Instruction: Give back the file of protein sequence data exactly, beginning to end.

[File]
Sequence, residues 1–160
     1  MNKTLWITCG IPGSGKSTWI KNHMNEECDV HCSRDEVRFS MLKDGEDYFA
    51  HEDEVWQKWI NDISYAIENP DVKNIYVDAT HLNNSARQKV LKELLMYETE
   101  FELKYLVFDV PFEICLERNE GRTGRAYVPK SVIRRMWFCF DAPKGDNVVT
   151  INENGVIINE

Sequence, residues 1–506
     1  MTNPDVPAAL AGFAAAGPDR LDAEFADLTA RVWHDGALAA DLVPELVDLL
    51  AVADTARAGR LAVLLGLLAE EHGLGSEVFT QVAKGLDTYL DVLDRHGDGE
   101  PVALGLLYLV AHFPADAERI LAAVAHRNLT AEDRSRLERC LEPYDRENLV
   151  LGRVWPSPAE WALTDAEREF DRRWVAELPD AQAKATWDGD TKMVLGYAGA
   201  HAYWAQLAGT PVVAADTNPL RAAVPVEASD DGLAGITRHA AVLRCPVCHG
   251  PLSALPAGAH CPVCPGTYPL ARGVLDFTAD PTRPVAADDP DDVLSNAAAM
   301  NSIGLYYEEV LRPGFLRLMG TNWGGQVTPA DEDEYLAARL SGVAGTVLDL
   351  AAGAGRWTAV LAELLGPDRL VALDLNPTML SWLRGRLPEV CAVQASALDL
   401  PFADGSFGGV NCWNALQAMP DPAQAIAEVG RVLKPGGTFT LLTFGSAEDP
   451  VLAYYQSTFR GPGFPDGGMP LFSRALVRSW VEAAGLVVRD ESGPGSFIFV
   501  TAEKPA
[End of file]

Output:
Sequence, residues 1–160
     1  MNKTLWITCG IPGSGKSTWI KNHMNEECDV HCSRDEVRFS MLKDGEDYFA
    51  HEDEVWQKWI NDISYAIENP DVKNIYVDAT HLNNSARQKV LKELLMYETE
   101  FELKYLVFDV PFEICLERNE GRTGRAYVPK SVIRRMWFCF DAPKGDNVVT
   151  INENGVIINE

Sequence, residues 1–506
     1  MTNPDVPAAL AGFAAAGPDR LDAEFADLTA RVWHDGALAA DLVPELVDLL
    51  AVADTARAGR LAVLLGLLAE EHGLGSEVFT QVAKGLDTYL DVLDRHGDGE
   101  PVALGLLYLV AHFPADAERI LAAVAHRNLT AEDRSRLERC LEPYDRENLV
   151  LGRVWPSPAE WALTDAEREF DRRWVAELPD AQAKATWDGD TKMVLGYAGA
   201  HAYWAQLAGT PVVAADTNPL RAAVPVEASD DGLAGITRHA AVLRCPVCHG
   251  PLSALPAGAH CPVCPGTYPL ARGVLDFTAD PTRPVAADDP DDVLSNAAAM
   301  NSIGLYYEEV LRPGFLRLMG TNWGGQVTPA DEDEYLAARL SGVAGTVLDL
   351  AAGAGRWTAV LAELLGPDRL VALDLNPTML SWLRGRLPEV CAVQASALDL
   401  PFADGSFGGV NCWNALQAMP DPAQAIAEVG RVLKPGGTFT LLTFGSAEDP
   451  VLAYYQSTFR GPGFPDGGMP LFSRALVRSW VEAAGLVVRD ESGPGSFIFV
   501  TAEKPA